Progressive Northwestern Insurance Company v. Gant

Filing 186

MEMORANDUM AND ORDER granting in part and denying in part 116 Motion to Compel. Signed by Magistrate Judge Kenneth G. Gale on 2/16/17. (df)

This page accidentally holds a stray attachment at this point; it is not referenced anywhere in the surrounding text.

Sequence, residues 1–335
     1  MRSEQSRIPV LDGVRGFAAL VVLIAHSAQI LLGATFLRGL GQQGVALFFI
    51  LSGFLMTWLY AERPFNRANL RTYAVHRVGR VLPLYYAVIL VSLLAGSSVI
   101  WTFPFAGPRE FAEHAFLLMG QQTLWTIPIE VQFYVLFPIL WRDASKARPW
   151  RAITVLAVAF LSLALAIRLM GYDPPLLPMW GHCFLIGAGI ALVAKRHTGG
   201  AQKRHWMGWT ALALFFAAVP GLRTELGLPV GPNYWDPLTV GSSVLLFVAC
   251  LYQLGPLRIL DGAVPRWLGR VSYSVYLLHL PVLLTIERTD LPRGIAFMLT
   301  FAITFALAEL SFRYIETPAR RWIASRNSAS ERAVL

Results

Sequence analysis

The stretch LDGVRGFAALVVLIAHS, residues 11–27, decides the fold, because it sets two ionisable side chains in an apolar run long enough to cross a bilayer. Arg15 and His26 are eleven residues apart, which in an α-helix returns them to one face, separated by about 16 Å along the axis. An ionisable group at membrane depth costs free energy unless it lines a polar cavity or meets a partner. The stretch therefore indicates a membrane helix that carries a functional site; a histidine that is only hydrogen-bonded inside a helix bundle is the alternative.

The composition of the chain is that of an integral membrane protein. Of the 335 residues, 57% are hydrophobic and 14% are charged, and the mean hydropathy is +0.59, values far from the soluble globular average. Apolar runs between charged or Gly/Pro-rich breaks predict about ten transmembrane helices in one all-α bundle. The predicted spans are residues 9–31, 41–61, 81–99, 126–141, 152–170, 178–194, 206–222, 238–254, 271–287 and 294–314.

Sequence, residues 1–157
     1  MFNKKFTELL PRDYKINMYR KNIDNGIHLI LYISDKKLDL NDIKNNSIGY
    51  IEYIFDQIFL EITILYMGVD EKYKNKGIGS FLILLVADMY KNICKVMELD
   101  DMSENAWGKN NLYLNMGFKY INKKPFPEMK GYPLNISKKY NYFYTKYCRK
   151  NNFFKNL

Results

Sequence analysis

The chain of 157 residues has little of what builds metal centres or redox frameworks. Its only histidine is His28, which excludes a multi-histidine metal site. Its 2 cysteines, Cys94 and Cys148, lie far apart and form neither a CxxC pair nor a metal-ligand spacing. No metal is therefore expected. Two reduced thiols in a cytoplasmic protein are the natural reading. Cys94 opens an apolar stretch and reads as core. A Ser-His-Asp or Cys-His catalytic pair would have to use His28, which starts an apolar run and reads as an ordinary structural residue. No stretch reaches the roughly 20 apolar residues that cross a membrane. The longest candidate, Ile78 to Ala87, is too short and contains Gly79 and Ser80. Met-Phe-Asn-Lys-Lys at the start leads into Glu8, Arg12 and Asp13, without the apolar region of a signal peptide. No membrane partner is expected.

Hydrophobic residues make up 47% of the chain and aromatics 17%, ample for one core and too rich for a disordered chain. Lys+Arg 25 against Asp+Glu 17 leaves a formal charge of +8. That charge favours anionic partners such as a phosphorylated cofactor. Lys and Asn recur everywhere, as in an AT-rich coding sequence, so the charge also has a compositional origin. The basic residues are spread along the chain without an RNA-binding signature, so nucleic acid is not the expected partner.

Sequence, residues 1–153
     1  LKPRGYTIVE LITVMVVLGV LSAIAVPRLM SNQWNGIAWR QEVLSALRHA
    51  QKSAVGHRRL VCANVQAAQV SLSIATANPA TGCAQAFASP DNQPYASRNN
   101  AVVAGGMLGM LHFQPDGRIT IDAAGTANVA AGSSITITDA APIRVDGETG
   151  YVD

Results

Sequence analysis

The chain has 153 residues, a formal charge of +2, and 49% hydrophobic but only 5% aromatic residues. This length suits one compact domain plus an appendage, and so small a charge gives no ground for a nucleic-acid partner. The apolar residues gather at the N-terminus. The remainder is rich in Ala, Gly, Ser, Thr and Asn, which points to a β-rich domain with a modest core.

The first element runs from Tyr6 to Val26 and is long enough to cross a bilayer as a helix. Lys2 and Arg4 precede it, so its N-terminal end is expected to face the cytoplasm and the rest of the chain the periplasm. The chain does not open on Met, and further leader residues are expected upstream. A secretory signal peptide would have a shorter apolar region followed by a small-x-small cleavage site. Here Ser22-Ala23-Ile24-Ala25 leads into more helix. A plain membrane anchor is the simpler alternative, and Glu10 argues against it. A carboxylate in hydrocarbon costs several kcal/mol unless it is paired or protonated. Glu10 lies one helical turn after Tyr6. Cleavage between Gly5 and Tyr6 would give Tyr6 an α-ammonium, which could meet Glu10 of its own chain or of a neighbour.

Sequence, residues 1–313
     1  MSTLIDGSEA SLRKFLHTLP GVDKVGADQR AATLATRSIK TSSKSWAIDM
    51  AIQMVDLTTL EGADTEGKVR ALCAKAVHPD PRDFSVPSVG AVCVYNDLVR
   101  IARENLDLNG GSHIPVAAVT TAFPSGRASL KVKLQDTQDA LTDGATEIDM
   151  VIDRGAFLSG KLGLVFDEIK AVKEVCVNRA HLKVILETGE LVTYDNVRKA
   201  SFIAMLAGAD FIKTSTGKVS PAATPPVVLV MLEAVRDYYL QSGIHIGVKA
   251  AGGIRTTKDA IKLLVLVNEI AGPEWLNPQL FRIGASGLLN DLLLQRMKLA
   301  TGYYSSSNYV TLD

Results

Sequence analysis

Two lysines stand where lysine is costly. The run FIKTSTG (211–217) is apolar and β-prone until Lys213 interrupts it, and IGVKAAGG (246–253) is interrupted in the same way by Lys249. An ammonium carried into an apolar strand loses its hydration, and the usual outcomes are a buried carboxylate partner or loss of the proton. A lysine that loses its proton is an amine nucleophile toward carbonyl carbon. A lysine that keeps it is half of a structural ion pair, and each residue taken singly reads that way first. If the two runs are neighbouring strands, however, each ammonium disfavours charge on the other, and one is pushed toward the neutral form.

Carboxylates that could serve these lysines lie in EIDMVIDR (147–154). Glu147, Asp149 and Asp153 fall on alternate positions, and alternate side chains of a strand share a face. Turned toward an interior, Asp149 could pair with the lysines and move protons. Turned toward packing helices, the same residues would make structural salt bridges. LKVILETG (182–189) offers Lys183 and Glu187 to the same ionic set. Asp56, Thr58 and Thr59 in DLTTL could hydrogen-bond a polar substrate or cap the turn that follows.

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IN THE UNITED STATES DISTRICT COURT FOR THE DISTRICT OF KANSAS PROGRESSIVE NORTHWESTERN INSURANCE COMPANY, ) ) ) Plaintiff/Counterclaim Defendant, ) ) v. ) ) GABRIEL GANT, et al., ) ) Defendants/Counterclaim Plaintiffs. ) ____________________________________) Case No.15-9267-JAR/KGG ORDER ON DEFENDANT’S MOTION TO COMPEL Now before the Court is Defendant’s Motion to Compel. (Doc. 116.) For the reasons set forth below, Defendant’s motion is GRANTED in part and DENIED in part as more fully set forth below. BACKGROUND This is a declaratory judgment action brought by Plaintiff Progressive Northwestern Insurance Company (“Plaintiff” or “Progressive”). Plaintiff requests a finding that its handling of an underlying claim and lawsuit, resulting from a fatal automobile accident, “was appropriate, in good faith, and consistent with the Progressive Policy and all duties imposed upon it by law or otherwise.” (See Doc. 1, at 5; Doc. 14, at 7.) Issues with the handling relate specifically to counsel (Kevin McMaster) retained by Plaintiff for its insured, who were defendants in the underlying action. McMaster is alleged to have engaged in conduct described as “obstructionist,” “highly prejudicial,” and “to the extreme detriment” of the defendants in the underlying lawsuit. (See generally Doc. 6-5.) Additional facts relating to this case, as well as to the underlying lawsuit, were summarized in the District Court’s Memorandum and Order granting Defendants leave to answer out of time, Plaintiff’s motion to strike, and Plaintiff’s motion to dismiss. (See Doc. 92, at 1-3.) That summary is incorporated herein by reference. The present motion relates to Plaintiff’s responses to Defendants’ first Requests for Production and first Interrogatories. (Docs. 116, 117.) In response to the discovery requests, Plaintiff initially agreed to engage in a rolling production of documents. Defendants contend that the “production contained extensive redactions and otherwise fell short of the production that was necessitated in response to [Defendants’] First Requests.” (Doc. 117, at 4.) The parties met and conferred as required by Fed.R.Civ.P. 37 and D. Kan. Rule 37.2 and also engaged in a pre-motion telephone conference with the undersigned Magistrate Judge. Even so, Defendants contend that “it is clear that certain documents and information continue to be withheld by Progressive from production.” (Doc. 117, at 4.) 2 DISCUSSION Fed.R.Civ.P. 26(b) states that [p]arties may obtain discovery regarding any nonprivileged matter that is relevant to any party’s claim or defense and proportional to the needs of the case, considering the importance of the issues at state in the action, the amount in controversy, the parties’ relative access to relevant information, the parties’ resources, the importance of the discovery in resolving the issues, and whether the burden or expense of the proposed discovery outweighs its likely benefit. Information within this scope of discovery need not be admissible in evidence to be discoverable. As such, the requested information must be both nonprivileged and relevant to be discoverable. Within this framework, the Court will review the contested discovery responses. A. Progressive’s Knowledge of McMaster’s Conduct in Prior Claims (Requests 9-16, Interrogatories 19-22). Defendants argue that Progressive should be compelled to produce “information and documentation demonstrating Progressive’s notice, prior to the [underlying claim/lawsuit], of McMaster’s conduct in prior claims and cases that put Progressive’s insureds at risk of excess exposure and unnecessary litigation because such information falls within the permissible scope of discovery.” (Doc. 117, at 5.) 1. Requests 9-14. 3 Requests Nos. 9-14 each reference a different case in which Progressive retained McMaster in which McMaster is alleged to have engaged in behavior ranging from uncooperative to inappropriate or unethical. (See Doc. 117-1, at 1523.) As to each specific case, Defendants request an extensive amount of information, including pleadings, court orders, transcripts of hearings, all discovery served in the case, all correspondence exchanged between counsel, and all correspondence between Progressive and McMaster or his law firm.1 (Id.) As to Request No. 14, Defendants also seek “[a] copy of any internal communication and/or analysis of the issue of McMaster’s conflict of interest and/or perceived conflict of interest.” (Id., at 23.) Progressive objects that the Requests are overbroad, burdensome and irrelevant as they seek information that is “completely unrelated” to the underlying lawsuit. (Id., at 16-23.) Progressive also objects that the various cases identified and the matters at issue therein “are not relevant to the instant cause of action and this Request is not within the proper scope of discovery.” (Id.) Progressive continues that the Requests are overbroad, vague, indefinite and burdensome to the extent it requires Progressive to search every computer 1 The Requests all specify that “[t]o the extent you contend the Documents contain HIPAA protected material, such material may be redacted.” (Id.) 4 system and source of electronic and hard copy information or all of its communication systems in response to this Request. Progressive also objects to the extent this Request poses an undue burden and seeks to require the production of not reasonably accessible data, including but not limited to, backup tapes. Further, certain of the requested materials appear to be available in the public record. (Id., at 16-23.)2 The Court agrees that, generally, evidence of prior notice to the insurer of McMaster’s previous bad conduct in other cases is relevant to Defendants’ theory of Progressive’s potential negligence or bad faith in retaining McMaster to represent its insureds. The Court also acknowledges Defendants’ argument that the requests are proportional to the needs of the case pursuant to Fed.R.Civ.P. 26 given the significant outstanding judgment in this case. (Doc. 117, at 10-11.) Even so, the Court finds the Requests at issue to be inherently overbroad and unduly burdensome. This is especially true of the information that is available to Defendants as public record (pleadings, court orders, etc.) or through other sources (transcripts). Plaintiff’s objection as to pleadings, court orders, and other documents of public record is sustained. 2 As to Requests 10-16, Progressive objects on the basis of the attorney-client privilege, work product doctrine, “or any other privilege.” (Id., at 18-25.) The Court notes that the issue of privilege as to these Requests is not raised in Defendants’ motion. 5 Defendants’ requests for all discovery, all correspondence exchanged between counsel, and all correspondence between Plaintiff Progressive and McMaster are also facially overbroad. Discovery exchanged and answered by both parties on any and all topics relevant to other the lawsuits identified would clearly encompass more information that was irrelevant than relevant. All of the requested correspondence in these cases would equally encompass volumes of documents that are entirely irrelevant to these proceedings. Plaintiff’s overbreadth and burdensome objections are sustained as to the requested discovery and correspondence sought in Requests Nos. 9-14. Defendants’ motion is DENIED in regard to Requests Nos. 9-14. Because the discovery requests are so broadly written, the Court cannot endeavor to rewrite or narrow them to make them appropriate. To the extent Defendants want specific information that is encompassed within these categories, Defendants are instructed to serve revised discovery requests. 2. Request No. 15, Interrogatory No. 19. Request No. 15 corresponds to Interrogatory No. 19, which seeks information as to cases in which McMaster was sanctioned while retained to represent one of Plaintiff’s insureds. (Doc. 117-1, at 24; Doc. 117-2, at 14.) As to such cases, Defendants seek various subcategories of information, including the 6 case caption, the claims adjuster assigned, the insured represented by McMaster, the sanction issued and relevant events, identities of other attorneys involved. (Doc. 117-2, at 14.) Defendant also requests “all motions and orders related to the issue of sanctions as well as transcripts of hearings where the issue of sanctions was addressed.” (Doc. 117-1, at 24.) Plaintiff objects that these discovery requests are overbroad, unduly burdensome, and not within the proper scope of discovery as they seek information unrelated to the underlying lawsuit as well as information that is at least in part available in the public record. (Doc. 117-1, at 25.) Even so, Plaintiff “has undertaken a laborious electronic search of past claims in which McMaster was involved, and cannot find any additional claims in which McMaster, Progressive, or a Progressive insured was actually sanctioned by a court” until the underlying lawsuit. (Doc. 134, at 4, 6 (emphasis removed).) The Court finds that Plaintiff’s additional investigatory efforts and offer to supplement its responses sufficiently resolve the issues relating to Request No. 15 and Interrogatory No. 19. Plaintiff’s objections are overruled and the responses are deemed amended as stated. 3. Request No. 16, Interrogatory No. 20. These discovery requests seek information “providing notification to 7 Progressive that McMaster was or may be acting with improper conduct and/or had a history of acting with improper conduct with regard to his handling of a case in which he was retained by Progressive to represent Progressive and/or a Progressive Insured(s).” (Doc. 117, at 9; see also Doc. 117-1, at 25-26, Doc. 1172, at 16-17.) Defendants ask Plaintiff to provide identifying information as to each such claim or case, as well as the adjuster assigned, the party insured, the attorneys representing other parties, and the manner and date of notification. (Doc. 117-2, at 16-17.) Plaintiff initially objected, in part, that the “identification of any such case and Mr. McMaster’s conduct in same would be wholly irrelevant to the matters at issue and would not be reasonably calculated to lead to the discovery of admissible evidence as to whether Progressive breached the at issue contract.” (Id., at 17.) In its brief in opposition, Plaintiff argues as to the vagueness of various terms, including “improper conduct” and instances in which it had notice that McMaster “may be” acting in such a manner. Defendant clarified “improper conduct” to encompass instances where McMaster “may have” caused “increased and/or unnecessary delay . . . [or] expenses,” “victimizing,” and “increasing the risk of personal exposure to the insureds.” (Doc. 134, at 7.) With these clarifications, the Court overrules Plaintiff’s objections to these 8 discovery requests. Defendants’ motion is GRANTED as to Request No. 16 and Interrogatory No. 20. 4. Interrogatory No. 21. In this interrogatory, Defendants ask Plaintiff whether it has “ever been sued for bad faith, breach of contract, and/or negligence” as to a claim or case in which McMaster represented it or its insureds. (Doc. 117-2, at 17.) As to any such claim or case, Plaintiff was asked to provide identifying information as to each such claim or case, as well as the attorney who filed such an action, the parties insured by Plaintiff in any such underlying action, any attorney retained by Plaintiff in the underlying action, the adjuster assigned, the party insured, and the disposition of the claim. (Doc. 117-2, at 18.) Plaintiff objects as to overbreadth and relevance, arguing that potential breaches of other contracts are “irrelevant as to whether or not the Plaintiff breached the contract at issue.” (Id., at 19.) The Court sustains Plaintiff’s objections in part and limits Interrogatory No. 21 to cases in which the resulting lawsuit was based on the conduct or performance of McMaster. With these limitations, Defendants’ motion is GRANTED as to Interrogatory No. 21. 5. Interrogatory No. 22. This interrogatory asks Plaintiff to identify all claims or cases in which it 9 had “retained McMaster to represent [it and/or its insured(s)] and at a later time retained new counsel . . . instead of McMaster.” (Doc. 117-2, at 19.) As to any such claim or case, Plaintiff was asked to provide identifying information for the claim or case, identify the adjuster assigned, the date McMaster was retained, the party for whom he was retained, the date replacement counsel was retained, whether a written request was made to McMaster to withdraw, and the reason for the replacement. (Id., at 19-20.) Plaintiff objects that the interrogatory is overly broad and irrelevant. (Id., at 20.) Plaintiff also argues that these occurrences are “wholly irrelevant . . . and would not be reasonably calculated to lead to the discovery of admissible evidence.” (Id., at 20.) The Court finds the information requested to be relevant to the issues between the parties and proportional to the case. The Court also finds that the subparts are topically related and do not constitute separate and distinct interrogatories. Plaintiff’s objections are overruled. Defendants’ motion is GRANTED as to Interrogatory No. 22. B. The Relationship between Plaintiff and McMaster. 1. Billing statements. Request No. 8 seeks “complete and unredacted billing statements” Plaintiff 10 received from McMaster or his law firm(s) in the underlying lawsuit. Plaintiff initially objected that the bills contain “descriptions of work performed on behalf of the insured” which are protected by the attorney-client privilege and work product doctrine, that McMaster’s billing rates constitute “proprietary confidential business information,” and that the requested documents are “not within the proper scope of discovery.” (Doc. 117-1, at 14.) Based on Plaintiff’s responsive brief, these objections are waived. As such, Plaintiff is ordered to provide any and all billing statements that have not yet been produced. This portion of Defendants’ motion is GRANTED. 2. The date Plaintiff first had “concerns.” Relying on Plaintiff’s prior representation that it had “concerns regarding [McMaster’s] handling” of the underlying lawsuit, Defendant asked Plaintiff to identify the date it first had such “concerns.” (Doc. 117-2, at 9, Interrogatory No. 12.) Defendant also asked Plaintiff to identify “who at or on behalf of Progressive developed these ‘concerns,’ and identify any documents evidencing such ‘concerns.’” (Id.) Plaintiff attempts to distance itself from the statement as it was contained in a motion that was “quickly withdrawn, and never ruled upon by the underlying court . . .” (Doc. 134, at 16.) The Court is not persuaded by Plaintiff’s attempts to put this cat back in the proverbial bag. It is uncontroverted that the 11 statement was made, regardless of what occurred with the motion in which it was contained. Plaintiff states, however, that “[t]o the extent [it] is in possession of information relevant to this request, such as claims file materials and correspondence, it has been produced and the Motion is moot on this point.” (Id.) Defendants do not agree that Plaintiff has sufficiently responded as the responsive documents fail to “identify the date [Plaintiff] developed concerns regarding Mr. McMaster’s handling of the case.” To the extent any document(s) previously produced are responsive to Interrogatory No. 12, Plaintiff must specify, by Bates number, such responsive documents. See Fed.R.Civ.P. 33(d). If no document specifically states the date on which such concerns began to materialize and the individual(s) who developed such concerns, Plaintiff is hereby ordered bo provide a narrative response to Interrogatory No. 12 providing this information. Defendant’s motion is GRANTED in regard to Interrogatory No. 12. 3. Files created and/or maintained on McMaster. Request No. 20 succinctly asked Plaintiff to “[p]roduce any file you maintain on Kevin M. McMaster.” (Doc. 117-1, at 28.) Although Defendants refer to a particular evaluation of McMaster, Plaintiff argues in its responsive 12 brief, Plaintiff contends that it “does not maintain a specific ‘file’ on McMaster.” (Doc. 134, at 16.) Rather, the document at issue is a part of Plaintiff’s “systematic evaluation of all attorneys on its Kansas defense panel, relative to one another . . . .” (Id.) Although such a document could be contained in a “McMaster file” if Plaintiff maintained such a file, Plaintiff has indicated that it does not maintain McMaster-specific file(s). Defendants’ Request No. 20 does not seek Plaintiff’s “systematic evaluation[s] of all attorneys on its Kansas defense panel.” If Defendant wants such documents, it is directed to serve a request seeking such documents.3 Defendants’ motion is DENIED as to Request No. 20. 4. Internal communications regarding McMaster. Defendant’s Request for Production No. 21 seeks “all internal communications among individuals at Progressive regarding Kevin M. McMaster.” (Doc. 117-1, at 28.) Plaintiff argues that the request is “onerous” and seeks “unfettered access to more than a decade of claim and litigation files wholly irrelevant to the pending action.” (Doc. 134, at 17.) Plaintiff continues that the request is not even limited by subject matter and does not “attempt to 3 The Court is not, however, opining as to whether or not such a hypothetical request would be objectionable. 13 identify any other relevant connection to this action,” making “a response to this request impossible.” (Id.) In their reply brief, Defendants counter that “internal communications about McMaster, such as communications that occurred each time an attorney informed Progressive that McMaster was acting in a matter that prejudiced Progressive’s insureds, is relevant.” (Doc. 159, at 16.) The Court acknowledges the potential relevance of internal communications on this subject. Unfortunately for Defendants, however, the request, as written, contains no such qualifiers or limitations. As such, it is facially overbroad. Defendants’ motion is DENIED in regard to Request No. 21. 5. List of claims/cases for which McMaster was retained. Request No. 19 asks Plaintiff to “[p]roduce a list of all claims/cases in which Progressive retained Kevin M. McMaster to represent” it or an insured “including the claim/case number and the Court where any such cases were pending, if a case was filed.” (Doc. 117-1, at 27.) As to each such case/claim, Plaintiff is asked to “produce a list showing the claim/case number, any claims adjuster(s) who was and/or were assigned to the claim/case, and the Court where any such cases were pending and case number, if a case was filed.”4 4 In their motion, Defendants discuss Request No. 19 with Interrogatory No. 21, in which Plaintiff was asked to provide similar information for each time it has been “sued for bad faith, breach of contract, and/or negligence with regard to a claim and/or case in 14 Plaintiff objects that “this request is merely another foray into irrelevancy via an attempt to identify decades’ worth of legal work by McMaster wholly unrelated to the pending action.” (Doc. 134, at 17.) The Court does not agree. Although it is possible that not all of this information will be admissible at trial (which is a determination to be made by the District Court at a later time), the undersigned Magistrate Judge finds that the information requested is both relevant and proportional to the needs of the case. Defendants’ motion is GRANTED in regard to Request No. 19. C. Potential Waiver of the Attorney-Client Privilege. Defendants contend that Plaintiff’s filing the present declaratory judgment action requesting a finding that it acted reasonably in the defense of the underlying lawsuit, Plaintiff has “waived any claim to the attorney-client privilege.” (Doc. 117, at 16-17. Defendants as the Court to “compel Progressive to release internal communications and other documents that address Progressive’s handling of the which it had, at any point, retained Kevin M. McMaster to represent itself and/or its Insureds[.]” (See Doc. 117, at 15-16; Doc. 117-2, at 17.) The Court surmises that the reference to Interrogatory No. 21 in conjunction with Request No. 19 may have been a clerical error as the interrogatory is much more specific (dealing with being sued for bad faith, breach of contract and/or negligence) as opposed to Request No. 19 (which simply relates to any case for which McMaster was retained, regardless of whether lawsuits or legal claims were resulting therefrom). Further, Interrogatory No. 21 has been previously analyzed by the Court, supra. 15 internal lawsuit.” (Doc. 117, at 16.) The relevant three-part test to determine whether a party has waived the attorney-client privilege was enumerated in Hearn v. Ray, 68 F.R.D. 574 (E.D. Wash. 1975), a decision from the Eastern District of Washington that has been frequently cited in this District. Therein, the Court held that the party asserting the privilege placed information protected by it in issue through some affirmative act for his own benefit, and to allow the privilege to protect against disclosure of such information would have been manifestly unfair to the opposing party. The factors common to each exception may be summarized as follows: (1) assertion of the privilege was a result of some affirmative act, such as filing suit, by the asserting party; (2) through this affirmative act, the asserting party put the protected information at issue by making it relevant to the case; and (3) application of the privilege would have denied the opposing party access to information vital to his defense. Thus, where these three conditions exist, a court should find that the party asserting a privilege has impliedly waived it through his own affirmative conduct. Id., at 581. Defendants argue that Plaintiff should be compelled to release its internal communications regarding the handling of the underlying lawsuit because these communications were placed in issue by allegations contained in the Amended Complaint. (Doc. 117, at 16.) By example, Defendants refer to Plaintiff’s 16 allegation that its “handling of the underlying claim and lawsuit was appropriate, in good faith, and consistent with the Progressive policy and duties imposed upon it by law or otherwise.” (Id., citing Doc. 14, at ¶ 42.) Filing a lawsuit does not waive the privilege of a plaintiff in communications with its attorneys about the subject matter of the lawsuit. Waiver does not occur when, as in the present case, “the attorney-client communications are merely relevant to claims” rather than “integral” to the claim itself. AKH Co. Inc. v. Universal Underwriters Ins. Co., 300 F.R.D. 684, 694 (D. Kan. 2014) (citing Cincinnati Insurance Company v. Serrano, No. 11-2075-JAR-KGG, 2011 WL 6304086 (D.Kan. Dec. 16, 2011)). To hold otherwise would be dangerously close to finding an automatic waiver of the attorney-client privilege whenever this type of declaratory judgment action is filed. This could change, however, if Plaintiff interposes these communications in its defense of Defendants’ claims. This is not to say whether certain, more specific categories of otherwise protected information are“integral” to the claims at issue. In their supporting memorandum, however, Defendants have not argued waiver of the privilege regarding particular types or categories of information let alone specific documents themselves. Rather, Defendants merely argue that the attorney-client privilege should be deemed waived as to all “internal communications and other 17 documents that address Progressive’s handling of the underlying lawsuit.” (Doc. 117, at 16.) Defendants have not provided adequate justification for such a blanket waiver. As such, this portion of Defendants’ motion is DENIED. D. Confidential Designations. The Protective Order entered in this case allows a party producing records to designate them as “Confidential Information.” (See generally Doc. 95.) Documents that have been so designated are afforded certain protections by the Order, including a limitation on who may view the documents and seeking permission to file such documents under seal when submitting them as exhibits to motions filed with the Court. (Id., at 4-6.) “Confidential Information” is defined by the Protective Order “as information that the Producing Party designates in good faith has been previously maintained in a confidential manner and should be protected from disclosure and use outside the litigation because its disclosure and use is restricted by statute or could potentially cause harm to the interests of disclosing party or nonparties.” (Doc. 95, at 1-2.) The Protective Order then goes on to limit the types of documents that can be so designated to a list of categories, including attorney-client communications or work product, specific types of proprietary and/or trade secret information, claim face sheet notes with regard to any claim in which discovery is agreed or 18 ordered by the Court, medical records, tax records, personnel records, and financial records. (Id., at 2-3.) The Order states that “[i]nformation or documents that are available to the public may not be designated as Confidential Information.” (Id., at 3.) Defendants complain that Plaintiff “has continually failed to use good faith in the application of its confidential designations” pursuant to the Protective Order. (Doc. 117, at 28.) This, according to Defendant, has “required [Defendant] to file numerous motions for leave to file under seal because of improper, liberally applied, confidential designations, and [Defendant] will be required to file further motions if Progressive continues in its refusal to remove such confidentiality designations.” (Id.) Plaintiff responds that it “has limited the application of the ‘confidential information’ designation to proprietary information which has been previously maintained in a confidential manner, and which, if disclosed could result in significant damage to [Plaintiff’s] business,” such as its “corporate strategy for claim management” including “claim documentation, to expert retention, and to methods of litigation overview.” (Doc. 134, at 31.) Defendants’ motion includes a list of examples of documents that Plaintiff has designated as confidential but that, in Defendants’ opinion, “should not be entitled to protection.” (Doc. 117, at 27.) The Court will review each of these 19 documents in turn. 1. PROGRESSIVE 0018326-0018327. This document consists of communication between “Additional Counsel for the Birk Defendants, Jean Kelly, and Courtney Schroeder (Progressive Claims Specialist) describing Additional Counsel’s review of the Birk Lawsuit, his opinions on proposed briefing . . . , and his opinions on the status of the . . .. Lawsuit in light of its defense prior to his involvement.” (Doc. 128-7, sealed.) This document does not consist of proprietary, claims-handling information. As such, it should not be marked “confidential” pursuant to the Protective Order. 2. PROGRESSIVE 0027572. This is an internal message between Progressive Claims Specialist and Progressive Claims Director regarding conference call on the Birk Lawsuit. (Doc. 128-8, sealed.) This document does not consist of proprietary, claims-handling information. As such, it should not be marked “confidential” pursuant to the Protective Order. 3. PROGRESSIVE 0018441-0018442. This consists of communication between counsel for the defendants in the underlying lawsuit sent to Progressive Claim Specialist regarding insurance applicable to the underlying lawsuit. (Doc. 128-9, sealed.) Although discussing 20 the underlying claim, the Court finds nothing proprietary about this communication. It, therefore, should not be marked “confidential” pursuant to the Protective Order. 4. PROGRESSIVE 0028891-288992. This document is communication between Hansel (Progressive Claims Adjuster assigned to the underlying lawsuit) and McMaster regarding the underlying lawsuit. (Doc. 128-10, sealed.) This document also discusses the underlying claim. Even so, the Court finds nothing proprietary about this communication. It, therefore, should not be designated as “confidential.” 5. PROGRESSIVE 28859-28860 and PROGRESSIVE 0012765. The former document is an e-mail from an expert retained by Plaintiff to the claims adjuster assigned to the underlying lawsuit. (Doc. 128-11, sealed.) It encloses the expert’s CV and cost estimate for expert work on the underlying lawsuit. The latter document is an invoice from an expert retained by Plaintiff for work on the underlying lawsuit. (Doc. 128-12, sealed.) The documents include pricing and budgeting information that may be considered proprietary. The Court finds the confidential designation was appropriate for this document. 6. PROGRESSIVE 0029370-29371. This is correspondence from McMaster to Plaintiff’s claims adjuster 21 assigned to the underlying lawsuit outlining the status of discovery and budgeting in the underlying lawsuit. (Doc. 128-13, sealed.) Included therein is pricing and budgeting information that may be considered proprietary. The Court finds the confidential designation was appropriate for this document. 7. PROGRESSIVE 0016107 and PROGRESSIVE 0016314. The former is correspondence between Plaintiff’s claims adjuster assigned to the underlying lawsuit and his non-attorney supervisor regarding the events in the underlying lawsuit. (Doc. 128-14, sealed.) The latter is e-mail between non-attorney employees of Plaintiff authorizing payment to additional counsel retained in the underlying lawsuit and briefly describing why this counsel was retained. (Doc. 128-15, sealed.) There is nothing proprietary about these communications. Therefore, they should not be marked “confidential” pursuant to the Protective Order. 8. PROGRESSIVE 0016127-0016128. Defendants next submit e-mail between outside legal counsel retained in the underlying lawsuit and Plaintiff’s claims adjuster assigned to that case regarding an expert retained in the underlying lawsuit. The e-mail was also forwarded to one of Plaintiff’s non-attorney claims supervisors. (Doc. 128-16, sealed.) Included therein is pricing and budgeting information that may be considered proprietary. 22 The Court thus finds the confidential designation was appropriate for this document. 9. Representative sampling of Plaintiff’s “face sheet notes” and claims sheet notes specific to the underlying lawsuit. Finally, Defendants list a sampling of Plaintiff’s “face sheet notes” and claims sheet notes from the underlying lawsuit. (Doc. 128-1, sealed.) The documents contain notations regarding litigation developments in the underlying lawsuit. The Court does not, however, find any of the information contained therein to be proprietary. As such, the documents should not have been designated confidential. Defendants also request that, in addition to a review of the above-listed documents, the Court “provide further direction to [Plaintiff] as to what can – and cannot – properly be designated as [confidential], and that the Court order [Plaintiff] to produce clean copies of any such documents previously and improperly marked as ‘confidential.’” (Doc. 117, at 28.) The Court hopes its discussion of the documents enumerated herein will provide additional guidance to Plaintiff regarding the appropriateness of confidential designations pursuant to the Protective Order in place. The Court will not, however, order Plaintiff to engage in a wholesale review of all documents 23 previously marked as confidential in this case and make a revised determination as to the appropriateness of each specific confidential designation. To do so would invite disagreement between the parties as to hundreds of documents that may never need to be filed with the Court or seen by anyone other than counsel and the parties. Counsel are, however, instructed to meet and confer, as necessary, regarding any disagreements in the future about previously designated document(s) that counsel intends to use as an exhibit in this case. IT IS THEREFORE ORDERED that Defendants’ Motion to Compel (Doc. 116) is GRANTED in part and DENIED in part as more fully set forth herein. Supplemental responses shall be served on or before March 16, 2017. IT IS SO ORDERED. Dated at Wichita, Kansas, on this 16th day of February, 2017. S/ KENNETH G. GALE KENNETH G. GALE United States Magistrate Judge 24